Researchers from the Swiss Federal Institute of Technology in Zurich, Switzerland, estimate that, as a result of gender bias, papers whose first authors are women receive around 10% fewer citations than do those that are first-authored by men.

Gender disparities in citation patterns have been documented across science before. But researchers have not previously tried to quantify how much of the differences are the result of gender bias. For instance, men and women may publish different types of papers; women may work in different scientific fields, and may hold less-senior positions.

But the new paper, which has not yet been peer-reviewed and was posted on the arXiv preprint server on October 27, tries to account and correct for these factors. The authors declined to comment on the paper, because they hope to submit it to Nature Astronomy. But other specialists say that the analysis seems solid.

“The novelty of this paper is in dispelling the myth that gender disparity in citation can be attributed to specifics of the paper, rather than to gender,” says Cassidy Sugimoto, an informaticist at Indiana University Bloomington. Sugimoto has also published work on gender bias in science publications, and says that the paper’s findings are “at once both terrible and terrific”.

Estimating gender bias

For their study, the researchers analysed 200,000 papers in 5 journals from 1950 to 2015. First, they trained a machine-learning algorithm to accurately calculate the citations for each paper first-authored by a man using as many non-gender-related factors as possible—such as the journal, field and year in which the paper was published, where the first author was located and for how many years that author had been publishing.

Then they unleashed their algorithm on the papers with female first authors. This set of papers (from 1985 onwards) had actually received around 6% fewer citations than their male-authored counterparts. But the algorithm predicted that the papers should have got 4% more citations than did those authored by men.

The authors say that the result is their “best effort” to measure gender bias, but that their results should be taken with care, because other factors might need to be weighed into their algorithm.

“This means women and men of equal quality will have unequal records,” says Meg Urry, director of Yale Center for Astronomy and Astrophysics in New Haven, Connecticut, who gave advice to the Swiss researchers as they conducted their study.  She adds that being cited less is likely to result in fewer grants, invitations to talks and recommendation letters. “Given how heavily our hiring process depends on these metrics, it’s not surprising that women have not reached equity in academia,” she says.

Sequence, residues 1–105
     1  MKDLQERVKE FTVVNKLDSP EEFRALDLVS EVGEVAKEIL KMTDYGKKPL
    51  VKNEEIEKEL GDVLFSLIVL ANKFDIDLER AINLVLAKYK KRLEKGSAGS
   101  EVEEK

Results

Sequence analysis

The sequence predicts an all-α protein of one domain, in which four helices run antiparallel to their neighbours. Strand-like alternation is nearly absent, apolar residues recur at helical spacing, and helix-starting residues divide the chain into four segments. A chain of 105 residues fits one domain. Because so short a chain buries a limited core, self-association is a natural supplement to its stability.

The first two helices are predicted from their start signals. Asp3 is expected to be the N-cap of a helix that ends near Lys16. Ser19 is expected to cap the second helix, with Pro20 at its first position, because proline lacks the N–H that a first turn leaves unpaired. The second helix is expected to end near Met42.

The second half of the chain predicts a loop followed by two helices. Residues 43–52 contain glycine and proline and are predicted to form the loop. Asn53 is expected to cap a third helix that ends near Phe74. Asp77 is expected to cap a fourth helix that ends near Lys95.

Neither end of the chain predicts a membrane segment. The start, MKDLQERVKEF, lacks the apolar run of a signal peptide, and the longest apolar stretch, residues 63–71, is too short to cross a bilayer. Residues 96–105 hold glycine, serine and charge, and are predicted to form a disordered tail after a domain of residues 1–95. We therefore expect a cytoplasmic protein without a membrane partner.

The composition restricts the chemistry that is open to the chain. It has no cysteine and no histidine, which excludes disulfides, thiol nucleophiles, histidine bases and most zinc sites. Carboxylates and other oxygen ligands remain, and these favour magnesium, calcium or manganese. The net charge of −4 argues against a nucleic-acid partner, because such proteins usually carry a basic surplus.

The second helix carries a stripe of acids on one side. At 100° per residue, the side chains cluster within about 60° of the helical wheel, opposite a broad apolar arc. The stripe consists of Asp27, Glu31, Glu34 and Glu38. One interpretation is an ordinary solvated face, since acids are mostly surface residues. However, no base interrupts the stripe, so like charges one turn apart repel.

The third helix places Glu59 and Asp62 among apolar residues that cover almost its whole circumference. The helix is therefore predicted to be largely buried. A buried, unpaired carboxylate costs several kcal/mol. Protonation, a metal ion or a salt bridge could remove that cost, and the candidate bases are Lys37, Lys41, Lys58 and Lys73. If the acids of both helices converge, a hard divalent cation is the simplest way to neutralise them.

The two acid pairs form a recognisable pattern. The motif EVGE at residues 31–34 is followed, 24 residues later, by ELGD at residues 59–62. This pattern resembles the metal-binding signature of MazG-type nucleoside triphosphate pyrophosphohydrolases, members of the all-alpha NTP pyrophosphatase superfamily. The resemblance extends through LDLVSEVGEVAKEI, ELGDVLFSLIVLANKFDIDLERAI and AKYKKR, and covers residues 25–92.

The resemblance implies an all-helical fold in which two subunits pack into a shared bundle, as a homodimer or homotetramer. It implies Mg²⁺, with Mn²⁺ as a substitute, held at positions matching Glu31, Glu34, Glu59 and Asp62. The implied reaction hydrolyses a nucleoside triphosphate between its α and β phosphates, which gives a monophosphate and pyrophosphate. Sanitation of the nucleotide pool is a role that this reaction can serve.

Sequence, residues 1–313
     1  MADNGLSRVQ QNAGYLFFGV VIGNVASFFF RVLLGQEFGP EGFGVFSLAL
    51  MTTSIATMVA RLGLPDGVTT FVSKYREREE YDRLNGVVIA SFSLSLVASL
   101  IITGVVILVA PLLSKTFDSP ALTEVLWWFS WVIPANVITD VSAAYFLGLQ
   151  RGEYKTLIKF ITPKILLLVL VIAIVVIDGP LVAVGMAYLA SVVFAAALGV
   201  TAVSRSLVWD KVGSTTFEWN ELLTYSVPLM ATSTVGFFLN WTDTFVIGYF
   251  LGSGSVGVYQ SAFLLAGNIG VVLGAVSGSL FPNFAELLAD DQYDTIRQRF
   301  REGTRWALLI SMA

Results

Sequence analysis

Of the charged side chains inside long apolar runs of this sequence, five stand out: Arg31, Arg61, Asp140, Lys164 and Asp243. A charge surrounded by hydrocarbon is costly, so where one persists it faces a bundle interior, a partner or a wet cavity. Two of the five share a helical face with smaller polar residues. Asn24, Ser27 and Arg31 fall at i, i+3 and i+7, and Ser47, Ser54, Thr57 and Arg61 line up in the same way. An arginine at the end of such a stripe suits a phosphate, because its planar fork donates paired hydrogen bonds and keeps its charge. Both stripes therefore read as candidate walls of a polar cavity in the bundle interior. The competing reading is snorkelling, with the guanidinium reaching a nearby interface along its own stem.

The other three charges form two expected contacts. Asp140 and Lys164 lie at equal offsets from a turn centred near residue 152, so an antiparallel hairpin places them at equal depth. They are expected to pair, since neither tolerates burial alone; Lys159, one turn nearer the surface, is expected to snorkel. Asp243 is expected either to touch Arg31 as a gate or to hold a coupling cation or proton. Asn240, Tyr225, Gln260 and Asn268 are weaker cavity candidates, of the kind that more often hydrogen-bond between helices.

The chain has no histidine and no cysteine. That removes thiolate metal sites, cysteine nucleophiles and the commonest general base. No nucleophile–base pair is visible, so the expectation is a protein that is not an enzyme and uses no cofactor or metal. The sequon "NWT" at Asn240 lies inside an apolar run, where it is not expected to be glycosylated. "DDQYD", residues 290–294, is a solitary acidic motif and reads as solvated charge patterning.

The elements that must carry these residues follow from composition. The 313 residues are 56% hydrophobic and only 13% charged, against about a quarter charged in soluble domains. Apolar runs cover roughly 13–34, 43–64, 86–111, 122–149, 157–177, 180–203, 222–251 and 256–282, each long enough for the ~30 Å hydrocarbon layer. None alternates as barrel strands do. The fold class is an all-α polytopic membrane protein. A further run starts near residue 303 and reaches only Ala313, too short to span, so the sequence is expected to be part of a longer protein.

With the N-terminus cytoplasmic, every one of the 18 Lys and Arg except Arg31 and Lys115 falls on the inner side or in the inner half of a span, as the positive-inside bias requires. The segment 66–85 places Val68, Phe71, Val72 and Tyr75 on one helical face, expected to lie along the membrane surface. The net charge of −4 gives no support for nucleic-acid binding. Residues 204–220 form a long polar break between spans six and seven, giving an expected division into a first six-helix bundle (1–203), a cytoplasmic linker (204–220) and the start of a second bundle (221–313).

Suppressed citations

A good track record of citations is essential for research career progression, so the findings could go some way towards explaining the dearth of women in senior academic positions, says Karen Masters, an astronomer at the University of Portsmouth, UK.

“I have had people tell me that they won't shortlist for permanent faculty jobs unless the candidates have 100 citations on a first-author paper,” she says. “So, I think it's really in getting on shortlists for jobs that this suppression in citation rate for women is going to be hurting them.”

The new study also notes that women publish 19% fewer articles than men in the 7 years after their first published paper. Astrophysicist Anna Scaife, who heads the Interferometry Centre of Excellence at Jodrell Bank observatory in the United Kingdom, says that this factor could be even more damaging than the low citation rates. “The 4–6 years following PhDs are crucial for producing the output that contributes to their first application for a permanent position,” she says.

To address the problem, Masters suggests a solution straight from the astronomer’s toolbox. The number of citations that women receive, she says, could be multiplied by 1.1 to eradicate the intrinsic bias. “We often correct systematic biases like that empirically in trends we view in astronomy,” she says. “So I think this could be treated similarly.”

This article is reproduced with permission and was first published on November 4, 2016.